Moderator: Richelle Mead Panelists: Lynda Hilburn, Suzanne McLeod, Kristin Painter, Nicole Peeler, Jeanne Stein, Jaye Wells.

If you're attending, look me up.
Sunday, April 01, 2012
  Don't Burn Yourself
Mario here:

For some strange reason, the public thinks we writers are a bunch of smart people. But we are a delusional, angsty lot that does a lot of dumb things (like keep writing), especially when we get frustrated. This last week I finished teaching a workshop for WritersOnlineClasses.com and for the last class I listed advice for the dumb things to keep in mind:

1) Avoid any vanity press. They won't do anything for you that you can't do for yourself if you self-publish. Plus, you keep all your money. And DANGER, WILL ROBINSON!!! your contract may assign them the copyrights to your work so you can forget about taking your book somewhere else without forking over bucks to get your rights back.

2) A small press is a legitimate way to get your name out there. But another DANGER, WILL ROBINSON!!! Don't sign a contract for more than one book. Why? Because the contract may assign the publisher the rights-of-first-refusal for a bunch more books. And your small press book may get you a deal with a major publisher (HURRAH!) and then guess what? You're stuck. You can either split the royalties from the new books or buy out the contract with the small press. So if a small press is interested in your book, then by all means, sign with them if you think it's a good career move. But don't get blinded by gratitude and desperation that you give up too much.

3) Once upon a time, self-publishing your novel branded you as a desperate failed writer. But eBooks and Amazon have changed that. Many new and established writers have self-published eBooks to start or rejuvenate their writing careers. Don't be in a rush to publish before your work is ready and make sure to invest in a review by a professional editor. And don't skimp on a good cover.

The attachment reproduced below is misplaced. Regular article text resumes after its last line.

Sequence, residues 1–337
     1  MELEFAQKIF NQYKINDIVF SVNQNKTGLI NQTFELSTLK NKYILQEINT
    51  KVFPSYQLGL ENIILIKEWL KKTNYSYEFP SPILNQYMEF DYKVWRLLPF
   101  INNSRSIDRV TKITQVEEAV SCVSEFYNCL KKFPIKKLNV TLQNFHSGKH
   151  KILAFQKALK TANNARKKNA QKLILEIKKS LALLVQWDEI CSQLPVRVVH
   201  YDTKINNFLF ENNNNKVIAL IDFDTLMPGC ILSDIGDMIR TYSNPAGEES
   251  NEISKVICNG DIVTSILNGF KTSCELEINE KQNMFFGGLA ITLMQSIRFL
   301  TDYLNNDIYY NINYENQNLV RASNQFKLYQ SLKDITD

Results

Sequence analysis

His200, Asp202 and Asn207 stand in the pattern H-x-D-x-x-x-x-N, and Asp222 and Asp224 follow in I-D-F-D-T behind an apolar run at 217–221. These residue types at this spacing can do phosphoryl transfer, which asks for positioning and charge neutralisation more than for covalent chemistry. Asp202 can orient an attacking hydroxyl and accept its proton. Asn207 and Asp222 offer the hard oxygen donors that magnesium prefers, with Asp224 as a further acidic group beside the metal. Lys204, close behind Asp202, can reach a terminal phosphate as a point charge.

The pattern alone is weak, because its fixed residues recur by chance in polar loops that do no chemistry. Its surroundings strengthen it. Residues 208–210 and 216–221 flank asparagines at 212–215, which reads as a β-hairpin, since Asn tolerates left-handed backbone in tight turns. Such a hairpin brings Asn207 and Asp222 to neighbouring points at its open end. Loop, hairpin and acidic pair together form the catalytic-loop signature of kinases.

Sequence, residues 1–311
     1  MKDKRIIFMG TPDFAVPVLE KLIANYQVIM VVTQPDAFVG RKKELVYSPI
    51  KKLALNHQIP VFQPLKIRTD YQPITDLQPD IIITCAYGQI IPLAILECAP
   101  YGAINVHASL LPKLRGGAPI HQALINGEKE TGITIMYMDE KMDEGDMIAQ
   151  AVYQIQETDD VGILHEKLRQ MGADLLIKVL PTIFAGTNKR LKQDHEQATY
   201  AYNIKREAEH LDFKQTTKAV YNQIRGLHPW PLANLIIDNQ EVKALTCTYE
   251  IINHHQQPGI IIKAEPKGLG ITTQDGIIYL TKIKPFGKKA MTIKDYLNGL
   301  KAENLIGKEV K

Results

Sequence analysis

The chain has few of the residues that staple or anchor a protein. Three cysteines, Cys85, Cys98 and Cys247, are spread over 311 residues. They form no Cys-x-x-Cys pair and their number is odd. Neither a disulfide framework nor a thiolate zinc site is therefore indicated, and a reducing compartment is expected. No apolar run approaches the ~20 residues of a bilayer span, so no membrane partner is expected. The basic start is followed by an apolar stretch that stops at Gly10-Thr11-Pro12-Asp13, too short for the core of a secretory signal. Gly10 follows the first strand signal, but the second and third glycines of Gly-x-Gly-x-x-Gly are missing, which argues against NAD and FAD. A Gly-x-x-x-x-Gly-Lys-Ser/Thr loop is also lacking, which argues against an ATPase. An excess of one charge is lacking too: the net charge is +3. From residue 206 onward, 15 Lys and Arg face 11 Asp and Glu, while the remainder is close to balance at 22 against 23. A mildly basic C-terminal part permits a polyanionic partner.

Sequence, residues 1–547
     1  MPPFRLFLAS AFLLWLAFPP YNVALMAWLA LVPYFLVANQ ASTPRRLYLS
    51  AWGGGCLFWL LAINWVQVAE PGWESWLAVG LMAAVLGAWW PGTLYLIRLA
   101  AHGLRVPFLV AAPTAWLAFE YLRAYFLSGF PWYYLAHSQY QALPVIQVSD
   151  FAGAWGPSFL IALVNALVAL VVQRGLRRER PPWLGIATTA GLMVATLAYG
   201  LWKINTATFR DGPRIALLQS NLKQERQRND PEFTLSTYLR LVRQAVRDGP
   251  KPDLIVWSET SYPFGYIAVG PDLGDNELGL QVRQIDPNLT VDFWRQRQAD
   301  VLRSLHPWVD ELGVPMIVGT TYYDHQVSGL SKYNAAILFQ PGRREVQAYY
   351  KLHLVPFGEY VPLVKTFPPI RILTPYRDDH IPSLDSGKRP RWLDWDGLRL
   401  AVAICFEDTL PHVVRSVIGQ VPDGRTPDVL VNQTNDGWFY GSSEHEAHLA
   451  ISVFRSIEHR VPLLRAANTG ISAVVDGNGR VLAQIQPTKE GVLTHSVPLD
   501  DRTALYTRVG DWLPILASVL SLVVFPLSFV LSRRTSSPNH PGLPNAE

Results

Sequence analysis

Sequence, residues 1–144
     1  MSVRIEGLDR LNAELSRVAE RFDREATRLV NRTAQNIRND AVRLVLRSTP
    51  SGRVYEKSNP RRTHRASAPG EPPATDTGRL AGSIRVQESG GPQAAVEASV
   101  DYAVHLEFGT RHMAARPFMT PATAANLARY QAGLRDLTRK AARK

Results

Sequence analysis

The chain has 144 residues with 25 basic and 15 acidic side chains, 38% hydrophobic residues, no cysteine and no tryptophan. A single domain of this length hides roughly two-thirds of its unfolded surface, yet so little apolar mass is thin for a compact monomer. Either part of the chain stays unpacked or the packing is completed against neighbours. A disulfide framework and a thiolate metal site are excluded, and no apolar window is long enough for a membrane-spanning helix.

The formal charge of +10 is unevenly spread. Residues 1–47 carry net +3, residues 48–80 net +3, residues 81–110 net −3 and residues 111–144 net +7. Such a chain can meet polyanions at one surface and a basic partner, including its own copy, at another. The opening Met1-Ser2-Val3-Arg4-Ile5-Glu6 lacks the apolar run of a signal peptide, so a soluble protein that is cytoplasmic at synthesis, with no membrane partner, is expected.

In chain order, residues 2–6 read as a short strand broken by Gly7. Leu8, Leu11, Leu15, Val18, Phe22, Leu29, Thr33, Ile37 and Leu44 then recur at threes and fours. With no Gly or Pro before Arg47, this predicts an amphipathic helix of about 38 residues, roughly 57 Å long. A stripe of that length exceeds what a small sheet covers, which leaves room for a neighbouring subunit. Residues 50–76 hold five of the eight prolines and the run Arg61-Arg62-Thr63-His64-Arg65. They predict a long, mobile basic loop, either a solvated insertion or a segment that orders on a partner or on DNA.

4) Don't try and please everyone with your work. Do that, you lose your edge, weaken your voice, and end up with mush. No one likes mush. Find your writing tribe, the group of people who understand what you're trying to do and will urge you along (with an occasional kick in the ass). Don't join a critique group of thriller writers if you're working on a coming-of-age novel. Recognize that your manuscript will need work and it's a blessing when you can find understanding and demanding readers.

5) Once you've finished your manuscript, don't think you're another J.K. Rowling and the world can't wait for your work. DON'T write a flattering email to a favorite author and gush about their books, then turn around and By The Way, Would you mind reading my 240K opus? Maybe a blurb? Recommend me to your agent? Or hand out copies of your manuscript at a conference. People will speak about you with the same regard given to bedbugs and hangovers.

As for nuts and bolts writing advice, I demurred to someone who knows a lot more than I do:
Kurt Vonnegut with his Eight Rules for Writing Fiction.

PS. The movie The Hunger Games rocks. But...I still liked John Carter better. *sniff*